I quickly ran down to the restaurant that I wanted to eat at for lunch. I parked myself into a small table on the upstairs level, and was thrilled to find that the waitress spoke English! Excellent English. I ordered the O’Reilly Tacos (I have no clue what was in them), and then had a bottle of water and chips. All of it was delicious, if not super messy. When she brought the check, she brought me a flower, and it made my day.

From there, it was a short walk to the art studio. I actually had a brief moment to hop online on the way, and update my family. The art class was AMAZING. All three guys were great and spoke excellent English. Two kids from the neighborhood came and crashed the class for a bit as well, which was super fun.

We learned a few different art forms, and I had so much fun doing crafts! I feel like I never get to do stuff like that anymore. When the class was done, they told me that I could come back at 6p to pick up my art. It needed a bit more time to dry off. I said no problem! Then they shocked me by giving me a caricature! I’ve always wanted one, so this made my day even more than the flower had. I loved it.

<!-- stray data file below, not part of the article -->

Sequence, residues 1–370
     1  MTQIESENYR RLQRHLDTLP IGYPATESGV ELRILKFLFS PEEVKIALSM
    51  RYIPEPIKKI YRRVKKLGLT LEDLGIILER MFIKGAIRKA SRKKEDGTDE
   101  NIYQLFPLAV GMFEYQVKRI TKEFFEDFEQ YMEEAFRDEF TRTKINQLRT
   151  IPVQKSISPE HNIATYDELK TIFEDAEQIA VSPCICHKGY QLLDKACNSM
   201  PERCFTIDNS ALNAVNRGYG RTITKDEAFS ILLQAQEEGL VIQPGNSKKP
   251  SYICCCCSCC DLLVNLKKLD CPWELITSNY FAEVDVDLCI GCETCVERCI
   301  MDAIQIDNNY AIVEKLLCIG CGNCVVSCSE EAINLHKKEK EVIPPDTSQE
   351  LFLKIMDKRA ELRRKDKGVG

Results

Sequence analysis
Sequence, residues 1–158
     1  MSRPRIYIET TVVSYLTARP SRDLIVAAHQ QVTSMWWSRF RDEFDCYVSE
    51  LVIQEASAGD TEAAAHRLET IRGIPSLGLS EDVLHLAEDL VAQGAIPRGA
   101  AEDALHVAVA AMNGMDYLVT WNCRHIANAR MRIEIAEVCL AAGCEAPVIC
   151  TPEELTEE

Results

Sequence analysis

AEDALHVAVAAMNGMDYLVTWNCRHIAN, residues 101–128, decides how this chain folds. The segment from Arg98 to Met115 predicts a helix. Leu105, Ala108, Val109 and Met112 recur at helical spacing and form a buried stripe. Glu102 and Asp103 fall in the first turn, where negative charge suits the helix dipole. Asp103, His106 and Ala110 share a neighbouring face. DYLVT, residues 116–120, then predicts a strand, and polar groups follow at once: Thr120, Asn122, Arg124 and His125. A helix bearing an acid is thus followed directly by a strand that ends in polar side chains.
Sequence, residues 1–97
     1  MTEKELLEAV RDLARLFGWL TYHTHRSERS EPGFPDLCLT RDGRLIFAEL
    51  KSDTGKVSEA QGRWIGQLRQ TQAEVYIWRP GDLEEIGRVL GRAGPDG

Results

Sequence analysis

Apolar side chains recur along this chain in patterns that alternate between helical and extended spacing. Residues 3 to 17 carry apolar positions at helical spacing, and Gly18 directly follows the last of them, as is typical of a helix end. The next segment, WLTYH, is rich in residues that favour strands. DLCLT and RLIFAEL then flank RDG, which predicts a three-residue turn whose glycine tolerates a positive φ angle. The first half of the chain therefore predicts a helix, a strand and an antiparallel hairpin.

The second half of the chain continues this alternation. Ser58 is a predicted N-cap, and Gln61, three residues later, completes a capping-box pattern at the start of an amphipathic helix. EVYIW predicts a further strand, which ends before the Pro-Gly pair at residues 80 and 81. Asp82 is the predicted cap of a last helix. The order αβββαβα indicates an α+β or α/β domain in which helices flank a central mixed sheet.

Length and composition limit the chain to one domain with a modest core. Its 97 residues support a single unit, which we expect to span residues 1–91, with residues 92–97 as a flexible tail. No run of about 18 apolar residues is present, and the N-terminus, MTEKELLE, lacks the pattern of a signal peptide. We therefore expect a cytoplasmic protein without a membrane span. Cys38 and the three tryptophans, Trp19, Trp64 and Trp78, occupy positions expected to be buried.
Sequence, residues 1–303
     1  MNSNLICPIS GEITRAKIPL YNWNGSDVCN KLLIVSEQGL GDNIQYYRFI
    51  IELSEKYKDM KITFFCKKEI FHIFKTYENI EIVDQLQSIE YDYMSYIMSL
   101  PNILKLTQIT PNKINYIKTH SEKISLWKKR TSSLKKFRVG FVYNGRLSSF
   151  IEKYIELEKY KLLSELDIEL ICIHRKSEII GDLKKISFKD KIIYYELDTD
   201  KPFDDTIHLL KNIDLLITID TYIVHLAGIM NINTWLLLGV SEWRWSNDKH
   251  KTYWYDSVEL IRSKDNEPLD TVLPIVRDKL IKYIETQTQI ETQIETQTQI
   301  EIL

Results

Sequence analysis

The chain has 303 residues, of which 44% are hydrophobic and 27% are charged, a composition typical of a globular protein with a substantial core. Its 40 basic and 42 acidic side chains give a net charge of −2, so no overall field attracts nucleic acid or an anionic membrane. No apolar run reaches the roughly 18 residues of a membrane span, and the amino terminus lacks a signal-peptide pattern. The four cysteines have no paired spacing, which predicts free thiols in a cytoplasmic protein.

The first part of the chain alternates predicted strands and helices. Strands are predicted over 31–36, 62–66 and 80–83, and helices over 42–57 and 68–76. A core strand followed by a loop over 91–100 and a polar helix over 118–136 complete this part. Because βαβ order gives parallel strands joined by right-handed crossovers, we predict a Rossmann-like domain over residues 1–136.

From there, I headed back home to rest for a few before going back out in search of internet, dinner, and ice cream. I dropped off my flower from O’Reilly 304 and cooled down for a second.

Then I was off to find some internet! I sat in Cervantes Park until about 6p, when I headed back over to La Ubre to pick up my artwork. They had packaged it so nicely! I brought the package home so I didn’t have to lug it around, and walked myself over to dinner.